Chapter 3 - Basic Math
Page 3 of 9
|Basic Math - Multiplication - Contents|
Multiplication is a basic math operation, related to addition. It is the process of finding the accumulated product of the quanity of one number added to itself the amount of times of the other number. The multiplication of two positive integers could be represented by elements in two sets. When each element in the first set is replaced with the number of elements contained in the second set then the total number of elements produced is the multiplied product. Multiplication of positive numbers on a number line can be shown graphically by concatenating the length of one line to itself the number of times represented by the other number. The multiplication sign designates this operation in equations. The operation of multiplication works within the boundaries of the set of all real numbers, as well as the set of imaginary numbers. The multiplication of a negative number times a positive number yields a negative result, but two negatives make a positive. In the multiplication of common fractions the numerator is multiplied times the numerator and the denominator times the denominator. Other math functions use multiplication in their equations. Multiplication has the commutative property, so the two numbers multiplied are interchangeable.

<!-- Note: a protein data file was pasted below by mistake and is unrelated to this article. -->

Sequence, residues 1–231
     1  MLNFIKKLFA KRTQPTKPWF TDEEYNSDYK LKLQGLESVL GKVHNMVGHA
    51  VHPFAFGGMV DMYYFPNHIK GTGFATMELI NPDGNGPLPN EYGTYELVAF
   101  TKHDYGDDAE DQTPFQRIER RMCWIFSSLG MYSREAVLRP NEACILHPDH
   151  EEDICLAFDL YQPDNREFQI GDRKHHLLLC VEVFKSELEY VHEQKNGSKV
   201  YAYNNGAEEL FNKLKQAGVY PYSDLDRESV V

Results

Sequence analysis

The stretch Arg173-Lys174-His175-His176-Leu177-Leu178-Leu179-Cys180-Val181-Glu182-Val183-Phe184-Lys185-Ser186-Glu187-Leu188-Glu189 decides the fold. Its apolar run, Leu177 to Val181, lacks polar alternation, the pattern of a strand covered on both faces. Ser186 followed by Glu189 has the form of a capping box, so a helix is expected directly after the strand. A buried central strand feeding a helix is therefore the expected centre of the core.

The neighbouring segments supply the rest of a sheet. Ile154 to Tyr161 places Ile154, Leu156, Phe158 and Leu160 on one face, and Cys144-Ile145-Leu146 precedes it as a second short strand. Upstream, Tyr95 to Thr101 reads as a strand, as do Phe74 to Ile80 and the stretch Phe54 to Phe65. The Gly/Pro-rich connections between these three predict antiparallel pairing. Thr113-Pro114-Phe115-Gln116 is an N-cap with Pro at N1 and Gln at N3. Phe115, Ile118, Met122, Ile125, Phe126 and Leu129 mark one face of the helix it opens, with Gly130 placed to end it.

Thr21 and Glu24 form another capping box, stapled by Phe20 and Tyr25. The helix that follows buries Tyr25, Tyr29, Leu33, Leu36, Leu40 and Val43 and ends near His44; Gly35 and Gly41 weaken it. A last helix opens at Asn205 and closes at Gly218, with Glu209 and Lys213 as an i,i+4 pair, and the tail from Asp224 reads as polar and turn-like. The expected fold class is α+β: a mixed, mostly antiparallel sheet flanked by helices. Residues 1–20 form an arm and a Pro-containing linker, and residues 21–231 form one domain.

|Basic Math - Multiplication - Examples|
12 x 3 = 36,
5 x 19 = 95,
2 x (-8) = -16,
(-6) x (-8) = 48.
Multiplication of fractions:
2/3 x 3/4 = 6/12 = 1/2,
5/7 x 2/3 = 10/21.
|Basic Math - Sections - Chapters|
|1 - Addition||2 - Subtraction||3 - Multiplication|
|4 - Division||5 - Identity Laws||6 - Symmetry Law|
|7 - Commutative Laws||8 - Distributive Laws||9 - Associative Laws|
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